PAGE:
Robert Ingalls: Alright. So we're gonna jump right in. Today we are going to be talking about traffic tickets. What you do during, after, whether or not getting an attorney would be the best option for you. Alright Bill, so this is one of the questions that when we decided to talk about this that came to my mind, that I never see answered, because it's usually too late by the time you're coming looking for advice. What is it you do the moment those blue lights come on? In your mind? Obviously you pull over. You probably shouldn't run right?

Bill Powers: Right.

Robert Ingalls: Right. They've gotten pretty good at keeping up with you?

Bill Powers: Right.

Robert Ingalls: But once you're pulled over, what are the steps? What are your rights in that moment?

Bill Powers: Well after cursing and trying to think of something quick in your mind to explain what you were doing, yeah I mean the obviously thing is, is that you pull over, try to find a safe place. I am sometimes amazed that people react so strongly that they actually almost cause a wreck. I regularly have a police officer say "I'll give you a reasonable period of time to pull over and if you don't think it's safe, turn on your flashers or something like that and pull over in a well-lighted area or take your time. It doesn't have to be squealing tires and running off the road and anything like that." So immediately is find a safe place to pull over, okay?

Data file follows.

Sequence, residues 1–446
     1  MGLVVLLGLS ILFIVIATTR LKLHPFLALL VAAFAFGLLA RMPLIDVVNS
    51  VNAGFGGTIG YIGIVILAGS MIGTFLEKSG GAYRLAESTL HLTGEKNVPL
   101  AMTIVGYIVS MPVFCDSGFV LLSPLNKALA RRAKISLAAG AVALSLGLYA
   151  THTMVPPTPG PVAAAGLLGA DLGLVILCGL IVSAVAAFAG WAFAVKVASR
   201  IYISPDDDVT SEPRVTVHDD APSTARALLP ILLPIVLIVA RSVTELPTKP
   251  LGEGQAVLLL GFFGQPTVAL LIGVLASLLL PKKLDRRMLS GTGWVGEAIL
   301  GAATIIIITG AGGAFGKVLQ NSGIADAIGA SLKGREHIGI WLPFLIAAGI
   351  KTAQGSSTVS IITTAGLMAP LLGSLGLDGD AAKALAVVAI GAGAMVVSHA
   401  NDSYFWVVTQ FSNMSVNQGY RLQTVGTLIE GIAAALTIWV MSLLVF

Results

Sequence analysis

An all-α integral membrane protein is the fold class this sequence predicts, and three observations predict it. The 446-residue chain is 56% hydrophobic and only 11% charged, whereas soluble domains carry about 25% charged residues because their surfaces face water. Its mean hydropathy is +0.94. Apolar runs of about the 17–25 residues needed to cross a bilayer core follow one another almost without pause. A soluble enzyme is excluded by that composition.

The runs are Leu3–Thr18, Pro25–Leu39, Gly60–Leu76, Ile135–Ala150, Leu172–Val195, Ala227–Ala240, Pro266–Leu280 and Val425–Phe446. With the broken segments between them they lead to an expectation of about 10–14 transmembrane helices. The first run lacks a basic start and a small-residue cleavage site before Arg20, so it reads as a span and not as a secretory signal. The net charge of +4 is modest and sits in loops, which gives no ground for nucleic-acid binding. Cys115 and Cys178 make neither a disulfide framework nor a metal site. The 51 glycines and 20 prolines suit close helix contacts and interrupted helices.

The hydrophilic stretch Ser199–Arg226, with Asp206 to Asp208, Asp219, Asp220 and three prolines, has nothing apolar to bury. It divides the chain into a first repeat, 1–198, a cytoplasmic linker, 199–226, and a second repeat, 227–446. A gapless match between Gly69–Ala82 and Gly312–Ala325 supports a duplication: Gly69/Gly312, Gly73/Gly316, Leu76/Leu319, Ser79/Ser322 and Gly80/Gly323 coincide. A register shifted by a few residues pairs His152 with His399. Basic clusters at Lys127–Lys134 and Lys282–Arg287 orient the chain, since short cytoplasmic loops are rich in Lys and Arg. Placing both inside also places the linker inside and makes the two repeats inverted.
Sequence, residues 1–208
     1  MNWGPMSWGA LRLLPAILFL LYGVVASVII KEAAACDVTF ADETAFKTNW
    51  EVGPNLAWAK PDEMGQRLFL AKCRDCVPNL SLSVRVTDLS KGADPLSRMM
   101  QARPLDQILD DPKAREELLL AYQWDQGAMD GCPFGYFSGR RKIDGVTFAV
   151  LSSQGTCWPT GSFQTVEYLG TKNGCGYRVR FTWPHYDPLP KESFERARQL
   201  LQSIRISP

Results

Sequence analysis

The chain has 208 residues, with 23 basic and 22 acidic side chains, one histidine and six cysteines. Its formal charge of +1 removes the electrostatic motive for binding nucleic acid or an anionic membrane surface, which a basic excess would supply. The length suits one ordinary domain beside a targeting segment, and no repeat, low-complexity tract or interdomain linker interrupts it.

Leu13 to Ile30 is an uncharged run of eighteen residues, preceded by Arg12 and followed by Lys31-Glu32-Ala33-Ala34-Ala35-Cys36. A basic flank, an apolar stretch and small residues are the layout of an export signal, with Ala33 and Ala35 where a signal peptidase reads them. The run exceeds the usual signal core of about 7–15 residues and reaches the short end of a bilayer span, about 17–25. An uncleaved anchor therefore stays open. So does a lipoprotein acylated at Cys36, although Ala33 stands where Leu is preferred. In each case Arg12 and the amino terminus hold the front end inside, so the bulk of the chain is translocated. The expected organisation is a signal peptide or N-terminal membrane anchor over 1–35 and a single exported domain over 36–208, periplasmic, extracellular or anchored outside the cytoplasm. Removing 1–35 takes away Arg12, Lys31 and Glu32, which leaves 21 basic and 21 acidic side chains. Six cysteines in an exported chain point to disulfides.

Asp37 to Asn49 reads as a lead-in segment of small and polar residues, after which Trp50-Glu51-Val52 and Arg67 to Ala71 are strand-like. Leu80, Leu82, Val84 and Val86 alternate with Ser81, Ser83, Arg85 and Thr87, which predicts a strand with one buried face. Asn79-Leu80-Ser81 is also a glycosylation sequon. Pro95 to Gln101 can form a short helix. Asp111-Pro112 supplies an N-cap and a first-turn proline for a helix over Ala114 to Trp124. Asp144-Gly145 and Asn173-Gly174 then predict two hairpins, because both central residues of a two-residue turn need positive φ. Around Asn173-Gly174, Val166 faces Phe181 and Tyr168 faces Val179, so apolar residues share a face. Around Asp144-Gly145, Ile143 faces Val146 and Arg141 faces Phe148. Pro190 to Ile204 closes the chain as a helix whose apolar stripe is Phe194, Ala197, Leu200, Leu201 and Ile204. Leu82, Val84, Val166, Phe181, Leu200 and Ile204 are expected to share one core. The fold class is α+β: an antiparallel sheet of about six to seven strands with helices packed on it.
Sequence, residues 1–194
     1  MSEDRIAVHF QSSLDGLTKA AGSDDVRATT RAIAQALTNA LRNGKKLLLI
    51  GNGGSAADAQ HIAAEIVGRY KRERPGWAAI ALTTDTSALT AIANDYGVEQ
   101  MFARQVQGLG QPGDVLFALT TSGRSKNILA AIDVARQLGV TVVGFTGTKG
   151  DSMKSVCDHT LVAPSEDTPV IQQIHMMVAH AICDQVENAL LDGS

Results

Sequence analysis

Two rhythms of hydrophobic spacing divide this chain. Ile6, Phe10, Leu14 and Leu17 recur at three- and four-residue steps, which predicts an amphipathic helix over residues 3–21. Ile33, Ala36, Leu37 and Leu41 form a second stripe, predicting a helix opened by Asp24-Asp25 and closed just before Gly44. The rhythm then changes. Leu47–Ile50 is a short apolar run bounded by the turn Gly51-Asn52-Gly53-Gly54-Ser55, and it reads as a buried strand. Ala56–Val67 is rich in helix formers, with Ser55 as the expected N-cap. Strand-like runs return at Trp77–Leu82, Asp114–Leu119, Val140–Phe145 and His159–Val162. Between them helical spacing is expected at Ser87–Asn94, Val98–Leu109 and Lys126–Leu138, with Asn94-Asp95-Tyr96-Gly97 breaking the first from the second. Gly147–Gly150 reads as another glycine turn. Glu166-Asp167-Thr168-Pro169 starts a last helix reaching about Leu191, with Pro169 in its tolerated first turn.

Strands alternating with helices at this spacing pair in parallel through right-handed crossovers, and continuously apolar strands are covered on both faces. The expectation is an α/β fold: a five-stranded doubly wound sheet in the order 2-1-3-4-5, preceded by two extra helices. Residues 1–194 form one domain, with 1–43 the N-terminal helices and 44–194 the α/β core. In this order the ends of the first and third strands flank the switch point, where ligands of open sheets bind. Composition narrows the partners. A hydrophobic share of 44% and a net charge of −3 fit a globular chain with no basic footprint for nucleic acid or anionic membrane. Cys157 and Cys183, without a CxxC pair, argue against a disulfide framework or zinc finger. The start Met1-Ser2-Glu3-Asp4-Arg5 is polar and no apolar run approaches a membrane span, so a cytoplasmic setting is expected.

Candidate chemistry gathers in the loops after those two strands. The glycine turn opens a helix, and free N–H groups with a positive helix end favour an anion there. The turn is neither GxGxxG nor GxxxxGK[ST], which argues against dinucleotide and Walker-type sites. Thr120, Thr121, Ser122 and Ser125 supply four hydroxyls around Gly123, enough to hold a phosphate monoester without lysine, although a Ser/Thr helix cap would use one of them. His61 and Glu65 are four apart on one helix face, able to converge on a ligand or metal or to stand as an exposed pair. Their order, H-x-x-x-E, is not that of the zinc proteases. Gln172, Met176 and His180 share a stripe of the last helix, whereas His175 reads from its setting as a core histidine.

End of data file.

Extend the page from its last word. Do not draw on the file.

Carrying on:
The second thing is, is to start realizing that the police officer has a job and they generally speaking, do not want to have problems in doing their job and one of the things I think about is how am I going to get the necessary materials or documents that I think they're gonna want to have without making the police officer nervous. And I don't know if you know what I mean by that, but sometimes people don't realize is that if you reach around your car, you could be reaching for your driver's license or you could be reaching for a gun.